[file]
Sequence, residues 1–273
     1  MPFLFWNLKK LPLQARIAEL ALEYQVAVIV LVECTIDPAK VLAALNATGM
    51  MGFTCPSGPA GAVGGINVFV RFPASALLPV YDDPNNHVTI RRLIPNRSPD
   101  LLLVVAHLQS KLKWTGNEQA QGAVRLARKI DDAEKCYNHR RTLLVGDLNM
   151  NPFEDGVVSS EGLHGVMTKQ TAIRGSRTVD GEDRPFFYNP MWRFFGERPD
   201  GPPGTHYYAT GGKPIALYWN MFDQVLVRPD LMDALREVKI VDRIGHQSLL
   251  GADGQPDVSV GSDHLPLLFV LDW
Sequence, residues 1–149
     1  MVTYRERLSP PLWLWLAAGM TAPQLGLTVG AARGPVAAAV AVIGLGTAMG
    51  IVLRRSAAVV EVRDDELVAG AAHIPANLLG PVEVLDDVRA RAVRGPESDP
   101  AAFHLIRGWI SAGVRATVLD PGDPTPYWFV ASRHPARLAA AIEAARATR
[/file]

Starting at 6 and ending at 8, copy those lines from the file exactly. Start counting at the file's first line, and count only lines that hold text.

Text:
   201  GPPGTHYYAT GGKPIALYWN MFDQVLVRPD LMDALREVKI VDRIGHQSLL
   251  GADGQPDVSV GSDHLPLLFV LDW
Sequence, residues 1–149